MADISON – Days after learning he was losing his seat on the state Supreme Court, Justice Daniel Kelly signaled he would participate in a case over who should remain on Wisconsin’s voter rolls after earlier stepping away from the lawsuit.
The case is expected to determine whether tens of thousands of voters who are suspected of having moved can stay on the state’s voter rolls. Both sides are watching the case closely because Donald Trump won Wisconsin’s presidential election by fewer than 23,000 votes in 2016.
Before last week’s election, Kelly said he would be inclined to re-join the case whether he won or lost his bid for a new term on the court.
On Wednesday, he made that clearer with a court order saying it appears he no longer has a conflict in the case. He asked those involved in the case to file briefs by next week on what they think he should do before he makes a final decision.
His involvement in the case could prove crucial. In December, he declined to be involved in the case and the remaining justices split 3-3 on whether to accept the case before an appeals court had ruled on it.
The deadlock meant the case could remain with the appeals court. That court in February ruled unanimously that the voters should remain on the voter rolls.
A new appeal puts the case back before the high court. The justices haven’t said yet whether they will take the case.
Kelly had stayed away from the case because it could have affected who was a registered voter for the April 7 election, when he was on the ballot. With that election over, the circumstances have changed, he wrote in Wednesday’s order.
“The 2020 spring general election is now complete, so it appears the reason for my recusal from considering any aspect of this matter no longer obtains,” he wrote. “I issue this order to give the parties an opportunity to state their position on whether I should recuse myself from considering the pending petition for review and, potentially, the merits of these consolidated appeals, before I make a final decision on my participation.”
The order is in line with how Kelly talked about the case during the race.
“(If) there has been no substantive work done on the case by the Supreme Court, then I wouldn’t see any basis to continue to recuse (after the election),” he said in an interview with the Milwaukee Journal Sentinel last month.
Two national experts on judicial ethics last month said rejoining a case after stepping away from it would be unusual but not necessarily unwarranted.
Stephen Gillers, a professor at New York University School of Law, said judges can reverse a decision to stay out of a case if circumstances have been changed. Typically they do so only when asked by parties involved in the case, he said then.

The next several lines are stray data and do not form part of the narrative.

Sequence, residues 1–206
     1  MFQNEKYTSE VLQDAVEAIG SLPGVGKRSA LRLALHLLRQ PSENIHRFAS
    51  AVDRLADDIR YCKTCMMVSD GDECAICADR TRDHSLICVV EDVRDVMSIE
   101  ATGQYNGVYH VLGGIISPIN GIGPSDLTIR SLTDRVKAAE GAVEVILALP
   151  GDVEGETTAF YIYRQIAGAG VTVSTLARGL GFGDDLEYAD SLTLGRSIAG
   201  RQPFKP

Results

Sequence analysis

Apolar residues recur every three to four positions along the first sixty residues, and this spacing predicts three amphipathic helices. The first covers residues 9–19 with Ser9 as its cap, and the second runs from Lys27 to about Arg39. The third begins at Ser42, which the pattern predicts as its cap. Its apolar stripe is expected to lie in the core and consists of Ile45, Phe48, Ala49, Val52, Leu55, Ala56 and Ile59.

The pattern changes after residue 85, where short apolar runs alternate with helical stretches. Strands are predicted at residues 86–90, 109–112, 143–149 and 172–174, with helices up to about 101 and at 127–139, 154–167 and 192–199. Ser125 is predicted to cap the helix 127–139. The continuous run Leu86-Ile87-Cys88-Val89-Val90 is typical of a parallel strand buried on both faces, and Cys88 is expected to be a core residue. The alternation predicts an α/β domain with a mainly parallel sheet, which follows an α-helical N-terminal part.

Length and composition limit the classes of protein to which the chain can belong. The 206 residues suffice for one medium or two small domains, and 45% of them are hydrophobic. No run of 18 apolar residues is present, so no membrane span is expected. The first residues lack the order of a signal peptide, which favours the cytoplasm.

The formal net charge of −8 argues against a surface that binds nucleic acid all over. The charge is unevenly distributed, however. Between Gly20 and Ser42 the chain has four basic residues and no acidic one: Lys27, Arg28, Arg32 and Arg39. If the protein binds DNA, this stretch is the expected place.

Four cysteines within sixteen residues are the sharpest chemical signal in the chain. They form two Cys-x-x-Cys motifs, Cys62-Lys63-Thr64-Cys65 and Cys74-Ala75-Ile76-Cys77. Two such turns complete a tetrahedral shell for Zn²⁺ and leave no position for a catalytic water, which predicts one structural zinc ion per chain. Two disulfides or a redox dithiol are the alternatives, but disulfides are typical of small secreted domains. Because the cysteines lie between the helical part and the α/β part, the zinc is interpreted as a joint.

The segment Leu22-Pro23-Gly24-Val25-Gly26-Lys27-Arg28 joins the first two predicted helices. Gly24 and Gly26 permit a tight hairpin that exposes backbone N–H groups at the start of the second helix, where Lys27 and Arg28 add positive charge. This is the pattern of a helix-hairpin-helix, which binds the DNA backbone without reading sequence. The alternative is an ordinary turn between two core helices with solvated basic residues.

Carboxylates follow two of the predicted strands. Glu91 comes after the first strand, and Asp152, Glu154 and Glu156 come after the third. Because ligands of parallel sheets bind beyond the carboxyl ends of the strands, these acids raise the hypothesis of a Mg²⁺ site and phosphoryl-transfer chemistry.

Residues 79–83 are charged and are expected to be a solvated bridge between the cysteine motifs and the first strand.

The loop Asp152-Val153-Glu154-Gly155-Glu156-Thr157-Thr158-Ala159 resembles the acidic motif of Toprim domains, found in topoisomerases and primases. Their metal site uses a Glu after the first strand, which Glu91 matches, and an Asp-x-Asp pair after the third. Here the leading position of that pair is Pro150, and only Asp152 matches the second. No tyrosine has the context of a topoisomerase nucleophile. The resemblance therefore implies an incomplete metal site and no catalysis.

Charles Geyh, a professor at Indiana University Maurer School of Law, said having judges re-join cases after disqualifying themselves “is probably best avoided, but the state of the law is uncertain enough that I cannot say it is improper.”
Kelly, who is part of the Supreme Court’s 5-2 majority, lost to liberal Dane County Circuit Judge Jill Karofsky, according to results released Monday. Kelly will remain on the court through July, and the voter rolls case is expected to be decided before then.
Before the election, Karofsky accused Kelly of telegraphing his intentions to Republicans about the voter rolls case, which was brought by the conservative Wisconsin Institute for Law & Liberty.
“(He’s) basically saying, ‘Look, I’ll be there for you (to Republicans) — get me across the finish line on April 7 and I’ll be there for you come November,'” she said last month. “It’s not surprising to me at all, and that is corruption in its purest form.”
On Thursday, Karofsky spokesman Sam Roecker said in a statement that voters “delivered a resounding message that they are sick of justices who ignore the law to vote in lockstep with their special interest friends. We hope that Justice Kelly has finally learned that lesson.”
Other conservatives on the court called Karofsky’s allegations of corruption out of line and based on no evidence. Kelly said last month that Karofsky was engaging in “projection” and accusing him of doing something she would do — tipping cases toward her political agenda.
The voter rolls case will determine how state election officials should treat more than 200,000 voters who it believes may have moved because they have submitted change-of-address forms to the post office, registered vehicles at new addresses or taken other steps that suggest they moved. Election officials have said most of those voters have likely moved but acknowledged in some cases the information they have is faulty.
The conservatives bringing the lawsuit argue state law requires the voters to be taken off the rolls 30 days after the state Elections Commission contacted them about whether they had moved.
An Ozaukee County judge agreed the voters must come off the rolls, but the appeals court reversed the decision, finding that the law in question applies to local election officials, not the state commission.
Voters can update their registration status by mail, in clerk’s offices, at the polls on election day or online at myvote.wi.gov. If voters are taken off the rolls, they will be allowed to re-register if they have proof of residence.
Judge Jill Karofsky thanks her supporters after winning the Wisconsin State Supreme court race over incumbent Justice Daniel Kelly. Milwaukee Journal Sentinel
Contact Patrick Marley at firstname.lastname@example.org. Follow him on Twitter at @patrickdmarley.
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